London: John Murray, 1927. Item #04986
“Who knows, Watson? Woman's heart and mind are insoluble puzzles to the male.”
The Final Collection of Sherlock Holmes Stories by Arthur Conan Doyle
DOYLE, Arthur Conan. The Case-Book of Sherlock Holmes. London: John Murray, .
First edition of the final collection of Sherlock Holmes stories by Arthur Conan Doyle.
Small octavo (7 3/8 x 4 13/16 inches; 187 x 123 mm.). 320 pp.
Publisher's red fine diaper-grain cloth with front cover ruled in blind and lettered in gilt and spine lettered in gilt. Spine faded and gilt dull. Free endpapers slightly browned from pastedown glue. Small stain at foot of pp. 256/257 and p. 309. Armorial bookplate of Guernsey on front free endpaper. Chemised in a quarter dark blue morocco clamshell case, spine with five raised bands, lettered in gilt in compartments. A good copy only - but nicely presented in a custom half morocco slipcase.
Contains twelve stories first published in the Strand Magazine between 1921 and 1927: “The Adventure of the Illustrious Client,” “The Adventure of the Blanched Soldier,” “The Adventure of the Mazarin Stone,” “The Adventure of the Three Gables,” “The Adventure of the Sussex Vampire,” “The Adventure of the Three Garridebs,” “The Problem of Thor Bridge,” “The Adventure of the Creeping Man,” “The Adventure of the Lion’s Mane,” “The Adventure of the Veiled Lodger,” “The Adventure of Shoscombe Old Place,” and “The Adventure of the Retired Colourman.”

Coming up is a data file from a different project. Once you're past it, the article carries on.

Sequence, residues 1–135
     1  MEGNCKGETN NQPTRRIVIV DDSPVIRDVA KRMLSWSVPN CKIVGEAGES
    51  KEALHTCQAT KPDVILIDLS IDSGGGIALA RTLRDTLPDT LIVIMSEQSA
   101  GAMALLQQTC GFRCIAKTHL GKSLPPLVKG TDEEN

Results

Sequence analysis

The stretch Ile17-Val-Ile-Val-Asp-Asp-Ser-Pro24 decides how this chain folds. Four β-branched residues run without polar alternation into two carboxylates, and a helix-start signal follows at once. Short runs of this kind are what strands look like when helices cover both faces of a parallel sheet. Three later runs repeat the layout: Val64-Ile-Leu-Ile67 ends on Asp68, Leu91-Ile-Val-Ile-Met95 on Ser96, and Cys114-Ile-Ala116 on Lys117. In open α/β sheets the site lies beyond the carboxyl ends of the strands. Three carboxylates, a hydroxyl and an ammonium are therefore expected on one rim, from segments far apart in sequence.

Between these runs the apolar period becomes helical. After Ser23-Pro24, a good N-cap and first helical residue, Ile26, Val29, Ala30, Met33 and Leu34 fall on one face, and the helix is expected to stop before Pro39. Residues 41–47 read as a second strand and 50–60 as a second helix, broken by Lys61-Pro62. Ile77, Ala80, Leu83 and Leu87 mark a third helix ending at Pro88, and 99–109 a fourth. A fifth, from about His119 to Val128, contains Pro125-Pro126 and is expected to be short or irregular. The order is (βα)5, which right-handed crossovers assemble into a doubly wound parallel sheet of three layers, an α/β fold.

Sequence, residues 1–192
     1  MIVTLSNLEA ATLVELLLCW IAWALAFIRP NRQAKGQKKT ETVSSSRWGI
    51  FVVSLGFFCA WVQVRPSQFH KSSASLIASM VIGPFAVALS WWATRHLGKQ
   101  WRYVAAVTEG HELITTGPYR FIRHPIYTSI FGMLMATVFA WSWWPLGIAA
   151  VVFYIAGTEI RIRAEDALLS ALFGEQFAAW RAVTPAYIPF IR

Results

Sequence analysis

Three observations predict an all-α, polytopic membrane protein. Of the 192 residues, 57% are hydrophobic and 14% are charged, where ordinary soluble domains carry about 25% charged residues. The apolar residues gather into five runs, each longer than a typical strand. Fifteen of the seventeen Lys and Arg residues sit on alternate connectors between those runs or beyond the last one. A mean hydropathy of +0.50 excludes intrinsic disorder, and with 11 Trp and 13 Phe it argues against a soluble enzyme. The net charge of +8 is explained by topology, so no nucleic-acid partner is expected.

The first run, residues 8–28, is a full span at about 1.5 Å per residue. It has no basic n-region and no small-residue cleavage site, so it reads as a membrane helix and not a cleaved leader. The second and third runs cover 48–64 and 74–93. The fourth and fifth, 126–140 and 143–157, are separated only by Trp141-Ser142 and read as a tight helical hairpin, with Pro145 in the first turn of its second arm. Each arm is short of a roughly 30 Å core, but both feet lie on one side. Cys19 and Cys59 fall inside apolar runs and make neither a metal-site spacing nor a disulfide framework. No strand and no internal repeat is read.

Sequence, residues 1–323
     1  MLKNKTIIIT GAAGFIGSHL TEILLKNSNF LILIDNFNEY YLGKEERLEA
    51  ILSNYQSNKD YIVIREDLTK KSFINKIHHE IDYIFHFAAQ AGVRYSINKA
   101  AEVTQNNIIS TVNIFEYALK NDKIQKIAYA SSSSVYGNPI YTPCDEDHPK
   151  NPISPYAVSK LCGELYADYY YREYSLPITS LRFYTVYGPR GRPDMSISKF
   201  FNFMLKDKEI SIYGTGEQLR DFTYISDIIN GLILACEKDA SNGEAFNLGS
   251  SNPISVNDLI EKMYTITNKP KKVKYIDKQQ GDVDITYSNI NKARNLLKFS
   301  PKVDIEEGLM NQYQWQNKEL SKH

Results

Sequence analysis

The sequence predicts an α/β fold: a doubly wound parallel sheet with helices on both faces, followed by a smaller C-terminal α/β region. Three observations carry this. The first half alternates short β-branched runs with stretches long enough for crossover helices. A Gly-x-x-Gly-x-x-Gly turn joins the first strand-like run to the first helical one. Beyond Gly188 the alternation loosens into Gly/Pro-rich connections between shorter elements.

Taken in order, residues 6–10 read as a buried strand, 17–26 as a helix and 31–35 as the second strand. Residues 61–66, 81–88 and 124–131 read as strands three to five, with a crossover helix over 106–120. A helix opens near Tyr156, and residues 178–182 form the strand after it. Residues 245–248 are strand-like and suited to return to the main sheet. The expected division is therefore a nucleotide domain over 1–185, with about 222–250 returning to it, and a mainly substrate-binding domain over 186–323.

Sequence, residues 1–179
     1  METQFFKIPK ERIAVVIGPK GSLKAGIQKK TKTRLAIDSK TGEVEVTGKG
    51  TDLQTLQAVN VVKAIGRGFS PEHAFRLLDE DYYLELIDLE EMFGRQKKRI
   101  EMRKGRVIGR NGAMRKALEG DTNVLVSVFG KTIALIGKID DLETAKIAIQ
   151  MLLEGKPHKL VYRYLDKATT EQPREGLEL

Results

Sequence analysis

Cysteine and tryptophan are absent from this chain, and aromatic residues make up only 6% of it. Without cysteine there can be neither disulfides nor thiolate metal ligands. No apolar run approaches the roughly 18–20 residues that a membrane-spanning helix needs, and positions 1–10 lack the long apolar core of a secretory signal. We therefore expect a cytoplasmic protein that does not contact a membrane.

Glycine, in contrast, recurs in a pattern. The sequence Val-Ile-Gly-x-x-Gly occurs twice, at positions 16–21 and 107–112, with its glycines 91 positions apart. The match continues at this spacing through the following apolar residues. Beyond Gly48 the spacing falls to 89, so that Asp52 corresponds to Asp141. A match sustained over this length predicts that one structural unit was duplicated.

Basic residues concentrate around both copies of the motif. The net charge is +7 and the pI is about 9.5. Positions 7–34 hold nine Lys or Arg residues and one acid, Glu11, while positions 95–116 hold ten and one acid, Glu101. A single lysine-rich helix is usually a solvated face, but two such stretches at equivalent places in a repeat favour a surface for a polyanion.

It is notable for containing three stories not narrated by Dr. Watson. “The Adventure of the Mazarin Stone” is narrated in the third person, since it was adapted from a stage play in which Watson hardly appeared, and “The Adventure of the Blanched Soldier” and “The Adventure of the Lion’s Mane” are both narrated by Holmes himself, the latter being set after his retirement.
“The author had not intended to continue the Sherlock Holmes stories after ‘His Last Bow’; but, when he had finished The British Campaign in France and Flanders, he felt more kindly disposed towards the subject than ever before. He was particularly impressed by the Stoll films, which began production in November 1920 with Eille Norwood as Sherlock…There was a revival of interest in Sherlock Holmes when the films were released” (Green and Gibson, p. 203).
Green and Gibson A46a.